(Compiled by Tanya Roth, Ph.D. Candidate at Washington University)
The following list includes significant dates in American women’s military history. Although women have participated in all American wars, this timeline focuses on women’s formal relationship with the military, such as through the nursing corps or women’s integration into the armed forces after World War II.
1861-1865 (The American Civil War): Through the United States Sanitary Commission (USSC) and the Red Cross, American women begin to serve as nurses to wounded soldiers. Although they do not have formal military status, the USSC operates under the War Department.
1898-1901 (The Spanish-American War): Female nurses begin to serve on a contract basis with the U.S. Army, although they remain classified as civilian participants in the war. By 1901, more than 1,500 women have nursed wounded soldiers in this capacity throughout the war theatre. Dr. Anita Newcomb McGee is appointed as Assistant Acting Surgeon General by the U.S. Army, the first woman in this role. After the war, the Army asks her to write legislation for a permanent nurse corps.
1901: Congress authorizes the creation of the Army Nurse Corps.
1908: Congress authorizes the creation of the Navy Nurse Corps.
1917-1918 (World War I): More than 21,000 Army nurses and 1,400 Navy nurses support the war effort at home and abroad. Women also serve in the Navy and Marine Corps Reserve. Two women join the Coast Guard, and the Army uses more than 200 women as switchboard operators and stenographers.
1941-1945 (World War II): The Army, the Navy, the Marine Corps, and the Coast Guard all enlist and utilize women, first in reserve and auxiliary status only. In 1943, Army women receive full military status through new legislation. Over the course of the war, more than 300,000 women will serve in these branches, filling nearly all jobs but combat and combat support.
June 12, 1948: President Truman signs The Women’s Armed Services Integration Act, which grants women a permanent place in all branches of the military, including the newly-created Air Force. Women can be promoted no higher than the rank of lieutenant colonel, must leave the military when they have children, and cannot comprise more than two percent of the nation’s total military force. Servicewomen, though barred from combat and combat support roles, will receive equal pay to their male counterparts, making the military one of the first employment opportunities to offer women equal pay.
November 8, 1967: President Johnson signs Public Law 90-130, which removes the two percent ceiling on women serving in the military. The law also removes the promotion limits that kept women at lieutenant colonel or below.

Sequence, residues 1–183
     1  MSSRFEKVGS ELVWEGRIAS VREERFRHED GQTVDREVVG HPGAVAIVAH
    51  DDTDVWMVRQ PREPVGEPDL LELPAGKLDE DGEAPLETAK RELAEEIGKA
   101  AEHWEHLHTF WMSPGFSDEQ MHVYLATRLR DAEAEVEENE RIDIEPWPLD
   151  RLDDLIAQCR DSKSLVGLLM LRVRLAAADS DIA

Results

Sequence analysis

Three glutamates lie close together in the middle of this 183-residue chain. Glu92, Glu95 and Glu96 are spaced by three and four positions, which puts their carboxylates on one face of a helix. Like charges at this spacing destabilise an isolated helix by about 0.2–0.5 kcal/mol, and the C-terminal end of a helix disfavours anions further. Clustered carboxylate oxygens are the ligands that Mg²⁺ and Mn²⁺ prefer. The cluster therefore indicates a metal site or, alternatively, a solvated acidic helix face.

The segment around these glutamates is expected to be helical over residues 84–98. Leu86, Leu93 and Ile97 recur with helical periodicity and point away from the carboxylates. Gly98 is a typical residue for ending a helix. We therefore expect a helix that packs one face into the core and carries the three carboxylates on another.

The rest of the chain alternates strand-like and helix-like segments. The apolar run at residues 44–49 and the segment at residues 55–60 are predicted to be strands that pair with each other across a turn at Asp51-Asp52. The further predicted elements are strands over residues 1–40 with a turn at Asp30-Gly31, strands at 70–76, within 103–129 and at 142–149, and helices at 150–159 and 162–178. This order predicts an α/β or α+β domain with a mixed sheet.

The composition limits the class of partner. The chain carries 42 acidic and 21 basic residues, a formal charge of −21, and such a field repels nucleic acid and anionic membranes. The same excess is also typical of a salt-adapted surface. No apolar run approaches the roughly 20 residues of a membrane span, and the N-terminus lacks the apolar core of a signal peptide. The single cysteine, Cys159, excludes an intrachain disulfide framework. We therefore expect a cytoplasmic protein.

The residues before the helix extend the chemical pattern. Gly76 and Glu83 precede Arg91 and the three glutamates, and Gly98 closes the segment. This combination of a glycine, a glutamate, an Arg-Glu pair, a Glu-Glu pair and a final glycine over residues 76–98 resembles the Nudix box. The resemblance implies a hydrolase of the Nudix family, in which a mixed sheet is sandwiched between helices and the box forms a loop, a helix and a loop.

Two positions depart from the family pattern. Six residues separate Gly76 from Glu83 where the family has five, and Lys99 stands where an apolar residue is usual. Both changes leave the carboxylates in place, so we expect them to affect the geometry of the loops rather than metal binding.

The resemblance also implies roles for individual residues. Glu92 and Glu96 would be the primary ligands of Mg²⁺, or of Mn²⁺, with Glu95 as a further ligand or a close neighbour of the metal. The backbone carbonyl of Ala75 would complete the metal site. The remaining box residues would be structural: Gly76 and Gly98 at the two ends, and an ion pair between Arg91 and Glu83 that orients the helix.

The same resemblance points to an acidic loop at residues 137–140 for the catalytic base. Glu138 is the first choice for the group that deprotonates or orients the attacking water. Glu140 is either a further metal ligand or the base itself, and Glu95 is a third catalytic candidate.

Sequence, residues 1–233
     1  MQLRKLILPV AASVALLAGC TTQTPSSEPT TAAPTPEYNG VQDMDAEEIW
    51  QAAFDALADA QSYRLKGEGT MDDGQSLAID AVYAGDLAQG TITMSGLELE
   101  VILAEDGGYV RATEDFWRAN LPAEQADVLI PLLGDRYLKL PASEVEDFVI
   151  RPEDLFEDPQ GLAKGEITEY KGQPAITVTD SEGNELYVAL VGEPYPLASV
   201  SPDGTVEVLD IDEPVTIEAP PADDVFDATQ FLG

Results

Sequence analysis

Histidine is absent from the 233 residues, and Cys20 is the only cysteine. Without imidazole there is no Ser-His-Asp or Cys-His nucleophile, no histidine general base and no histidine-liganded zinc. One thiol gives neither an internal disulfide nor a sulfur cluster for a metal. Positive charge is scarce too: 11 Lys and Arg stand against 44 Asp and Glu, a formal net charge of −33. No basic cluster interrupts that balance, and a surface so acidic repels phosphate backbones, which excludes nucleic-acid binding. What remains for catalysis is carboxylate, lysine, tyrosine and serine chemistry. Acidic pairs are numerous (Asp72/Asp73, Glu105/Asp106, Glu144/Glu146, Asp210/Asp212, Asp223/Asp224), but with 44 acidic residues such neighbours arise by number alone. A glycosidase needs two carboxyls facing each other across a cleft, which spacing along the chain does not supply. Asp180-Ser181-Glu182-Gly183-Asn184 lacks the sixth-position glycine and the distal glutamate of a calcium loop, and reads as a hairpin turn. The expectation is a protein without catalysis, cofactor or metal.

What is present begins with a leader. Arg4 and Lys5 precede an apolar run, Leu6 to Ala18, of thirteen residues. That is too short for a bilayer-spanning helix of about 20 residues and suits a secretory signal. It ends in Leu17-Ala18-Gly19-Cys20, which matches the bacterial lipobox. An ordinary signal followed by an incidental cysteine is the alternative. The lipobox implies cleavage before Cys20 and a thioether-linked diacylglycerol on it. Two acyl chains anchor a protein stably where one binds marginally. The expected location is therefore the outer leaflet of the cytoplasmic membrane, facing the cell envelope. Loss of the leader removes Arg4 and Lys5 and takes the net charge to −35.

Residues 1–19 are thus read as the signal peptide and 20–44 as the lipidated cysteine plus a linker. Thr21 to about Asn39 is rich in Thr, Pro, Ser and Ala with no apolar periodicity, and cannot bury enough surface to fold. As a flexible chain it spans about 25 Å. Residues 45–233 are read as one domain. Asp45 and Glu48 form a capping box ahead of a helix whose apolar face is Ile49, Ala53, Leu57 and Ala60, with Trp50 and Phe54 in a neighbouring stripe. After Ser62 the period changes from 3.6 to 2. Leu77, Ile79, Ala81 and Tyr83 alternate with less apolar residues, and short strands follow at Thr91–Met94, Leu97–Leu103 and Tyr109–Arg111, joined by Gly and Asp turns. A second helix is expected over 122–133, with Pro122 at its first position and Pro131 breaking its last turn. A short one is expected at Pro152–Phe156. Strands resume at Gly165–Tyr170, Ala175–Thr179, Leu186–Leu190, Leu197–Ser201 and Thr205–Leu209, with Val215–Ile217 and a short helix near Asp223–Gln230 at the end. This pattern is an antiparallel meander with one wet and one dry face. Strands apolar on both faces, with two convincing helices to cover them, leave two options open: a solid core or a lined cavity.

1969: The Air Force is the first branch to admit women to its ROTC program.
1970: The first servicewomen receive promotions to brigadier general: Anna Hays (Army Nurse Corps) and Elizabeth Hoisington (Women’s Army Corps).
1973: The Supreme Court rules that the Army must grant dependent benefits to the spouses of servicewomen. Previously, servicewomen could only secure such benefits if they could prove their spouses were dependent on them for at least one half of their financial support.
1975: The military begins to allow pregnant women to remain in service after having their children.
1976: Congress authorizes the admission of women to the military academies (West Point, the Air Force Academy, and the Naval Academy).
1978: Previous legislative provisions that prohibited women from serving at sea are deemed unconstitutional and women receive their first assignments on naval ships. Congress eliminates the Women’s Army Corps and integrates women into the regular Army.
1982: The Air Force admits a woman to the Test Pilot program for the first time.
1990-1991 (Operations Desert Shield and Desert Storm): More than 40,000 servicewomen deploy to support military operations in the Middle East. Congress removes limitations that prevented women from flying in combat.
1993: Congress authorizes women to serve on ships tasked in combat duty.
2005: A woman receives the Silver Star for the first time in American history for combat action service.
2008: Army General Ann Dunwoody receives a promotion to four-star general.
November 2009: Major General Anthony Cucolo (Army) announces that women in his command in Iraq who become pregnant could face court-martial or other punishment. Following general public uproar over his statement, Cucolo’s superior responds with a retraction.
February 2010: The Pentagon announces that military hospitals and clinics worldwide will begin stocking Plan B contraceptives, also known as the “morning-after pill”.
May 2010: USA Today reports that Don’t Ask, Don’t Tell affects women and minorities in disproportionate numbers.
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